Changing Brains

An article in the Washington Post the other day argued that ‘reading online’ is changing the way that our brains work. Basically, it says that because reading online is often either very brief amounts of information – like text messages or tweets or facebook posts – or connected to and surrounded by all kinds of other information, videos and hyperlinks, etc., it is rewiring our brains to skim and search for information. Anecdotal evidence in the article suggests that people are having a hard time switching back to in-depth reading.


This is actually really relevant to me, as I work at a magazine where we’re debating the switch to online submissions. Right now, I spend about 20 hours a week reading paper manuscripts. If we switch, pretty much all that time will be spent reading on a device.


The article is written pretty much in a doomsday style: oh, no, our brains are changing and now we will no longer be able to read the classics!! But I think the author elides two different things: one are these short bursts of information like text messages, and the other is reading a longer work on an electronic device. I mean, I already read a lot of news online – while sometimes I might skim to the end of the article or stop reading in the middle, most of the time I read the whole thing through. And in the past, didn’t people used to skim articles in the newspaper? I’m just not as sure as the author that this is really changing society in a fundamental way.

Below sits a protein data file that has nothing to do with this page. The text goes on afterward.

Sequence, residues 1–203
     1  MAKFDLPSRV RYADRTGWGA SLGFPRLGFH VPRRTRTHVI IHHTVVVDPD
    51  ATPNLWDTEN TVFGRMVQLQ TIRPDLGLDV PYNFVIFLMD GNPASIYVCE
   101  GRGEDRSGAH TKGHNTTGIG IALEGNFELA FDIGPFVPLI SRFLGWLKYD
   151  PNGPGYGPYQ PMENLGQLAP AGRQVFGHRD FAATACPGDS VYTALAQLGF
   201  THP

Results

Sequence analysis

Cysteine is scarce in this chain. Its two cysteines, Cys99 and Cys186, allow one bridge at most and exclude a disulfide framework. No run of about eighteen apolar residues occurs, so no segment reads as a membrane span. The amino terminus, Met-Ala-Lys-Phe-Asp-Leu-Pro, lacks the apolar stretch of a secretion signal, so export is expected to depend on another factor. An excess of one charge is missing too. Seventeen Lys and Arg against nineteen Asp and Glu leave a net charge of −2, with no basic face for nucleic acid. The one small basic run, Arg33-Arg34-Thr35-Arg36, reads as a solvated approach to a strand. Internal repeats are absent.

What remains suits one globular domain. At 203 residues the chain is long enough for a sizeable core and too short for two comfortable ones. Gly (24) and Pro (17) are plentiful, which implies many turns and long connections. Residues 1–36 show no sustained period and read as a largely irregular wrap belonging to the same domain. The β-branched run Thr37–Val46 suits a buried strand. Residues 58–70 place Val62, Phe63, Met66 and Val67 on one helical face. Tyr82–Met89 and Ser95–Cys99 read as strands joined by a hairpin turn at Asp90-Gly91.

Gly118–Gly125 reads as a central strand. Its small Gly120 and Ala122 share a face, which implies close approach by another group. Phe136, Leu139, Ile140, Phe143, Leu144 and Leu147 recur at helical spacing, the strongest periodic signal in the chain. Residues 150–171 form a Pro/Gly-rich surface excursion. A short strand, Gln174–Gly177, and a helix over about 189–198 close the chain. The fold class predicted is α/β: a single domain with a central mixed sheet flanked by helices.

The more interesting idea, to me, was the implicit one that we might not have easy access to our own past. When I lived in New York, I had a lot of Turkish friends, and they often complained that Ataturk’s decision to switch the Turkish language from an Arabic script to a Latin one meant that they really couldn’t read anything that had been written prior to the 20th century. At the time, I wondered how hard it could be to learn to read a different script. But maybe you had to read the text in a whole different way? It’s not that they couldn’t learn to do it, but that it wasn’t easy.


I don’t know. I have a kind of argument I haven’t really worked out that people are reading more nowadays because of the internet. More on that coming soon.


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